The dinner coincided with the christening party of a first-born baby girl, daughter of her new employers. Despite the war, luxuries had been obtained for the important occasion. Helenka was put in charge of the cooking, she who had hardly been allowed to so much as boil an egg in her parents’ pre-war apartment. She was tall, unusual among Polish Jews, and her Polish was pure, so she might look the part. Despite her dark hair and dark eyes, eyes whose sad expression it was said unmasked many an imposter. But it wasn’t only your face that could expose you. Wearing a maid’s uniform and a white lace cap, she peeled the potatoes with thick ungainly strokes and hoped her clumsy heavy-handedness would not divulge her secret.
The party’s piece de resistance was a pig, to be roasted and served whole. Helenka grimly sprinkled seasonings on this carcass. In the main room the guests had already arrived, their faces flushed with vodka and the excuse to celebrate. Helenka bent her head down to work. Through the doors she heard the verses of folk ballads, the tinkling of glasses, the brittle laughter of women.
The cooking and bustle had heated up the kitchen, and the window was flung wide open to let in the cool spring air. Helenka glanced up and out of the window beside her. It was nighttime, yet the sky was pink. A huge cloud of black smoke billowed over half the horizon.
There were no aerial bombardments—the Germans had conquered Warsaw years before. But the smell of smoke penetrated every apartment in Warsaw. Yet there were no sirens of fire engines, no sign of alarm in the streets. Everything was deadly still except the sulfurous smoke and the sounds of the merrymaking in the next room. With growing horror she peered at the column of smoke and made out its origin. Then Helenka knew what she was seeing. Filling the sky was the Ghetto on fire. A fire nobody was trying to extinguish.
The christening feast lasted for three days, but it took the Ghetto longer than that to burn, closer to weeks.
Later, after the war, my mother would learn the details.
Following the great transports to Treblinka the previous fall, to which her mother had fallen prey, and after the decimation of the population through starvation and disease, only 60,000 were left inside the Ghetto by the spring of 1943, in an area that at its height had forced in almost half a million people.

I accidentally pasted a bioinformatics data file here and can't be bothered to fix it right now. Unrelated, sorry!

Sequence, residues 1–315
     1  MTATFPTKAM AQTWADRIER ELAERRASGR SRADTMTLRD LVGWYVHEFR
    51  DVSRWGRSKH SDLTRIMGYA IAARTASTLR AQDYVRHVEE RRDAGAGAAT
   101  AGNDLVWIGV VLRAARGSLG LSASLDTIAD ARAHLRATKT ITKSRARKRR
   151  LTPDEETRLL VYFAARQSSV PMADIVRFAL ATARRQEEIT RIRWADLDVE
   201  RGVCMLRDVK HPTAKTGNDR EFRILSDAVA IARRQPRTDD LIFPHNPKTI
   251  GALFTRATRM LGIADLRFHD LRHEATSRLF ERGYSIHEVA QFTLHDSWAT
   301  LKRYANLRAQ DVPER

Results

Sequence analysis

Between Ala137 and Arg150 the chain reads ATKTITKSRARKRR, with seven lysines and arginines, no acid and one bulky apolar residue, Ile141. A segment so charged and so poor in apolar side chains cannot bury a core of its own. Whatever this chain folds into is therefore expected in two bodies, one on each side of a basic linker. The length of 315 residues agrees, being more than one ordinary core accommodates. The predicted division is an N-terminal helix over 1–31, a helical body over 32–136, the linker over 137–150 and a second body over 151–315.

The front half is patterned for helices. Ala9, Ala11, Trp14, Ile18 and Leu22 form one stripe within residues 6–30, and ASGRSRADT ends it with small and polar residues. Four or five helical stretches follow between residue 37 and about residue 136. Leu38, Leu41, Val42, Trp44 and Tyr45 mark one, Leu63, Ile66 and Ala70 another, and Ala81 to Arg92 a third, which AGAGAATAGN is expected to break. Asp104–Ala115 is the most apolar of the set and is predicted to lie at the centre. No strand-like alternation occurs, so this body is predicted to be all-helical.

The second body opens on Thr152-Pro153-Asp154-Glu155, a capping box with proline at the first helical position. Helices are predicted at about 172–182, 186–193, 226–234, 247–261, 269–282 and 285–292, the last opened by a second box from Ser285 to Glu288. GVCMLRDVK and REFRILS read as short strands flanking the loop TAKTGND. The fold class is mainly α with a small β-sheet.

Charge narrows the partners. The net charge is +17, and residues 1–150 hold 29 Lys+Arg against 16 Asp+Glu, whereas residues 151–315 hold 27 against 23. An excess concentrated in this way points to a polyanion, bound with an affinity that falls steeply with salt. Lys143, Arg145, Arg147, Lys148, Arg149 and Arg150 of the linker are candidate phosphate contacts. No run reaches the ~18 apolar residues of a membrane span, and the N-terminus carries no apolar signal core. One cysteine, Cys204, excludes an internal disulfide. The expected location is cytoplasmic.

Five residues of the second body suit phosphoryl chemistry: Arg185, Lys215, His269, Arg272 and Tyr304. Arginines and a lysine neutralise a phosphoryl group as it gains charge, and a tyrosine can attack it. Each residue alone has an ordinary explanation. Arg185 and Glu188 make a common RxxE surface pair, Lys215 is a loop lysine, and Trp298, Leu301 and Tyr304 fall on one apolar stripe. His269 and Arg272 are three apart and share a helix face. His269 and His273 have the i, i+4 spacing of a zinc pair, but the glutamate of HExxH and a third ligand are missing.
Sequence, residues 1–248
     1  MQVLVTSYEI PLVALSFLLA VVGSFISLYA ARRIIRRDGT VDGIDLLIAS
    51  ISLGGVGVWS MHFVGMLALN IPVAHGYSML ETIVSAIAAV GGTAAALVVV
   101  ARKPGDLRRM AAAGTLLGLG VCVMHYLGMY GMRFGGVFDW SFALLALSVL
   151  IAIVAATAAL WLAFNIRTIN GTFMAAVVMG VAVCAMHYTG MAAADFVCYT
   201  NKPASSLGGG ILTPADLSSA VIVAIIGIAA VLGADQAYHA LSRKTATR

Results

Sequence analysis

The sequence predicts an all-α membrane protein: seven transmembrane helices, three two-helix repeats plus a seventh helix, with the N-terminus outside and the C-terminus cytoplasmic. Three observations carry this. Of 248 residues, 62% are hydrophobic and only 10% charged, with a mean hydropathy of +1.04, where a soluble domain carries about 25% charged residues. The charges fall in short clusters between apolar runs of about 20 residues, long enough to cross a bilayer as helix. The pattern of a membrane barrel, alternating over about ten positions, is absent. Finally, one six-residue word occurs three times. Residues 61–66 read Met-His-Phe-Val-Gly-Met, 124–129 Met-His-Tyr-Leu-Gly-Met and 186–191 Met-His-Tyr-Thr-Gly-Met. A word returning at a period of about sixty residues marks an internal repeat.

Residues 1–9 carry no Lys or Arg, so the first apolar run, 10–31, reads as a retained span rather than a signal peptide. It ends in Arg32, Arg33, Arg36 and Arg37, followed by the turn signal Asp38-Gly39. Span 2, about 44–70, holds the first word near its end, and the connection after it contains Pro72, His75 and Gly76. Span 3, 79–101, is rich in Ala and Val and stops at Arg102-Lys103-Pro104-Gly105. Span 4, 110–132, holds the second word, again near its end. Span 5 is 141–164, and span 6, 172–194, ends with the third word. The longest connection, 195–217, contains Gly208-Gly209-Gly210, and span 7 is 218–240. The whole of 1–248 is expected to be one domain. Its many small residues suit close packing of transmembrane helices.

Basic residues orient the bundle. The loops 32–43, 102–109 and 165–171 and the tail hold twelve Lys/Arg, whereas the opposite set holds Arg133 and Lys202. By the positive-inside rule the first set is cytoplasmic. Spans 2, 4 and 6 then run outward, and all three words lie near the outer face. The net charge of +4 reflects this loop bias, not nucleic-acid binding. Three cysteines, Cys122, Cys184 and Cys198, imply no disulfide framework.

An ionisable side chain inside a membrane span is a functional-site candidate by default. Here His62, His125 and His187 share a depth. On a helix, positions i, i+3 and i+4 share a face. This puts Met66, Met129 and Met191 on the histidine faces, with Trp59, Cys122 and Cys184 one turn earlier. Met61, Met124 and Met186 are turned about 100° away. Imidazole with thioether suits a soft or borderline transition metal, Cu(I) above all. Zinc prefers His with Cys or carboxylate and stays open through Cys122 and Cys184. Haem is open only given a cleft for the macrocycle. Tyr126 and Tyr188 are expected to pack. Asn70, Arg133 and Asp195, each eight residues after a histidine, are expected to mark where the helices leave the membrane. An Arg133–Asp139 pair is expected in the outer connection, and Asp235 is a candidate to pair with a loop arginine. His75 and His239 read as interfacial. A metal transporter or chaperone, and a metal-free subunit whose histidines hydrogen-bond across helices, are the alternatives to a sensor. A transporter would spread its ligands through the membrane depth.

The Nazis decided to liquidate the Ghetto in a quick action set to last three days. But when they rolled in on April 19, they were stunned to be met by armed resistance, a doomed uprising by a few hundred young men and women. Amazed by the gunfire, the Germans decided to destroy the Ghetto by methodically setting every single block ablaze. People had the choice of suffocating in the flames, jumping to their death, or surrendering to the trains, trains that departed full up for the gas chambers of Treblinka. In the last bitter weeks some Ghetto inhabitants tried to escape through the sewers over to the other side: smoke bombs were thrown down, the sewers were flooded, yet a few succeeded. The final inhabitants were smoked out of bunkers and rubble, then shot. By the end, not one human being was left alive within the Warsaw Ghetto, where less than a year before 400,000 had lived. After the last fire burned itself out on May 16, 1943, whatever ruins were left standing were razed, and the S.S. officer in charge of the operation could report: “The Warsaw Ghetto is no more.”
Of all the stories my mother has told—of swollen malnutrition, of typhus and frozen corpses, of mothers watching their children linger and then die, of the starving stealing bread from the starved, of clothes of the arrested being sent back minus the person, of dogs named “Man” ordered to bite men called “Dogs,” of countless humiliations and losses, of miraculous escapes, near-misses, and tragic disappearances—this fiery landscape of the Ghetto burning is the strongest wartime image she has left us with.
For as my mother told me what she saw through the window that night, I was seeing her: A young woman holding on for dear life to her own life, clutching to a dead stranger’s identity. As she pretended to be another, cut off from every other human being she had ever known, I imagined her stunned beyond tears, watching the shards of her past being scorched to ashes.
Looking at the conflagration, Helenka knew that to stay alive herself, she had to pretend indifference.